Wheat and barley researchers and stakeholders met last week in Milwaukee for the U.S. Wheat and Barley Scab Initiative’s (USWBSI) annual conference.
The meeting is an opportunity for scientists and stakeholders to discuss the latest research being done to minimize the threat of Fusarium head blight, commonly known as scab, to producers, processors and consumers of wheat and barley.
Once again, the Forum emphasized the importance of resistant varieties as a key part of an integrated strategy to combat the devastating disease, particularly since a scab epidemic can occur any year when weather and disease conditions are right.
At the meeting, participants learned additional details about an outreach tool launched in 2010 to send out regular updates on scab risk at critical points in the growing season. This system is being upgraded in 2011 to send state-by-state updates by text message.
Another notable presentation included a review by a representative of the Food and Drug Administration (FDA) of the results of their sampling work on DON, the toxin that results from scab, in grain, wheat flour and bran. Their results confirm the grain industry is meeting FDA’s advisory levels on DON, meaning changes to the levels deemed acceptable aren’t warranted at this time.
USWBSI is a unique project funded by Congress and administered by USDA’s Agricultural Research Service (ARS). The $5 million initiative coordinates work to fight the disease and awards research grants to university and ARS scientists in the areas of variety development, management, pathogen biology and genetics, gene discovery and food safety.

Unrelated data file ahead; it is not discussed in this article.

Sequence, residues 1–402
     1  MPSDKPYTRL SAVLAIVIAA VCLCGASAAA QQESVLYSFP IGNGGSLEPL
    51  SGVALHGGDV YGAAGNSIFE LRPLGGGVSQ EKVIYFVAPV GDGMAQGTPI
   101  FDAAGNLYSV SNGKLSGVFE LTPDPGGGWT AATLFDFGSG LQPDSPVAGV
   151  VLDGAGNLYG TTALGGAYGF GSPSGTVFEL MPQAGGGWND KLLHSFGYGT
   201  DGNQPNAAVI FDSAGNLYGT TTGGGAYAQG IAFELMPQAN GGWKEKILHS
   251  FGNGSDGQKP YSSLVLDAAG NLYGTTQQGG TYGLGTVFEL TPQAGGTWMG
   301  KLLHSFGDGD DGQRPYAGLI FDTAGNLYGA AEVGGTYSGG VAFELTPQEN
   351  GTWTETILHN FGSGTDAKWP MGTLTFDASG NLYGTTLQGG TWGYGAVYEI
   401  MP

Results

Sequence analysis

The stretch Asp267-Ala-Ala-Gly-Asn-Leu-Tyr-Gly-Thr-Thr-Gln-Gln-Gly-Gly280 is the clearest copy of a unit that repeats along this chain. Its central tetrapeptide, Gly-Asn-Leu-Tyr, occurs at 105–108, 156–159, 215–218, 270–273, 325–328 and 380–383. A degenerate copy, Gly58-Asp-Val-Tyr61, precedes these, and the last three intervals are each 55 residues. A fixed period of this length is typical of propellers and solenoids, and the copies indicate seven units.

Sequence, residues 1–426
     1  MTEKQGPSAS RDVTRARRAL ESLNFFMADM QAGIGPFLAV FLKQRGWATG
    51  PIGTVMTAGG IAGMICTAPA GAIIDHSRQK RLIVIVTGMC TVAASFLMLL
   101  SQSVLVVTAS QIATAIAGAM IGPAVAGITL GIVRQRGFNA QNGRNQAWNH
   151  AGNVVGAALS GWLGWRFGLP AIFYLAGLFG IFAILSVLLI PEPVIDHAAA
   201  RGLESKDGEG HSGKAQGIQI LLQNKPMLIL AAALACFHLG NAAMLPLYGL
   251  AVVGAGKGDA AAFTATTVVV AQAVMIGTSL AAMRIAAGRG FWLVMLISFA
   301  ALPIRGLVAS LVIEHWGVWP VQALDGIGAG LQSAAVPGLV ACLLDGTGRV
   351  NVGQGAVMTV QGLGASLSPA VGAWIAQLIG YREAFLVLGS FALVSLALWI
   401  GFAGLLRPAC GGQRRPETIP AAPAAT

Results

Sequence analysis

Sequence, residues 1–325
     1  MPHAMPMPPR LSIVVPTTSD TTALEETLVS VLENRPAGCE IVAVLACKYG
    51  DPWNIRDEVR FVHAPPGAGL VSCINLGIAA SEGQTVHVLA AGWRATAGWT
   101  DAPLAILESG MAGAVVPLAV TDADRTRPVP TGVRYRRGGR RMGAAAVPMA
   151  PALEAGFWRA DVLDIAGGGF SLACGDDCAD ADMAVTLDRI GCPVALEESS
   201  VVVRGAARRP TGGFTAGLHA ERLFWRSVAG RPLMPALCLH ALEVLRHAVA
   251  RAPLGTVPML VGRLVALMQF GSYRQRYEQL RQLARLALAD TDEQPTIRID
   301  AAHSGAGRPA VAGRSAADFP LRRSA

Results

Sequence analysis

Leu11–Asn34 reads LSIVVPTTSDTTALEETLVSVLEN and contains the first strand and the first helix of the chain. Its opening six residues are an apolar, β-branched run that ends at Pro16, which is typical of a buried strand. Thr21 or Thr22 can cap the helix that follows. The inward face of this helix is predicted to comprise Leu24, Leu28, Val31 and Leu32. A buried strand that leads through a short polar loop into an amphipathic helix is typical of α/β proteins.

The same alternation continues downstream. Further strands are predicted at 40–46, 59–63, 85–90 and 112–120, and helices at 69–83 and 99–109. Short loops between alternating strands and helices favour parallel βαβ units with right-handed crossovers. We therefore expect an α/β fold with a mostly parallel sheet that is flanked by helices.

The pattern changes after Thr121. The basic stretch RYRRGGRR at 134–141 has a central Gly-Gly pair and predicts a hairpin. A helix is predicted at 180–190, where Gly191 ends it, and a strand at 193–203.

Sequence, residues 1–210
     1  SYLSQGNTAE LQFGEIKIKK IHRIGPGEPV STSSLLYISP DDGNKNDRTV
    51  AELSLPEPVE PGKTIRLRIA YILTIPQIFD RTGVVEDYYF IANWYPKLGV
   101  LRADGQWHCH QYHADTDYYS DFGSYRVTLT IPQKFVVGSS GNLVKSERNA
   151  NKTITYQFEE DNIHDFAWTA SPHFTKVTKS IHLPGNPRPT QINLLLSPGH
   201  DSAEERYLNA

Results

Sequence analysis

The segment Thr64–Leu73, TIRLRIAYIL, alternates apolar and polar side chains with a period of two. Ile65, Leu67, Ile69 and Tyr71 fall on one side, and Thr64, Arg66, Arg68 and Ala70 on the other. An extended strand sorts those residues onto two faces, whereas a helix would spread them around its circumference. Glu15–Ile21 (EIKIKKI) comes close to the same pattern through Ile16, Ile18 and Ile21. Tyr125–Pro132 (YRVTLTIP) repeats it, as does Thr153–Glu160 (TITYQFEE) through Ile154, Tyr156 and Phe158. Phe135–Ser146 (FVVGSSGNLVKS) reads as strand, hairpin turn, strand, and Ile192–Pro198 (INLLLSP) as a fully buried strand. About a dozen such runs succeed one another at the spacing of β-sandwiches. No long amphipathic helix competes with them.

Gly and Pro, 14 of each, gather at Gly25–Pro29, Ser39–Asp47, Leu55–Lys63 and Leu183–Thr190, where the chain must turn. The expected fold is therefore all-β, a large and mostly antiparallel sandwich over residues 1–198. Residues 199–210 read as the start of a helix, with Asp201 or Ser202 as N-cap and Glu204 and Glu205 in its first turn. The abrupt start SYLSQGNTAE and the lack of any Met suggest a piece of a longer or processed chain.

Among other things, USWBSI funds integrated management and fungicide trials to demonstrate to growers the most effective strategies to combat scab. This information is summarized in an easy-to-read format for growers and others at USWBSI’s website, www.scabsmart.org.
NAWG Director of Government Affairs for Research and Technology Jane DeMarchi served on the planning committee for the Forum and attended as NAWG’s representative.
During a session on gene discovery and genetic resistance, she spoke to researchers about the wheat industry’s work to pave the way for the eventual introduction of biotechnology into the wheat crop. Addressing the problem of scab is a key area of work in known research that could lead to a commercialized biotech trait in wheat.
USWBSI is chaired by Art Brandli, a wheat producer from Warroad, Minn., and Dave Van Sanford, a researcher at the University of Kentucky. NAWG has a permanent seat on the USWBSI Steering Committee.
For more about USWBSI’s work, please visit http://www.scabusa.org.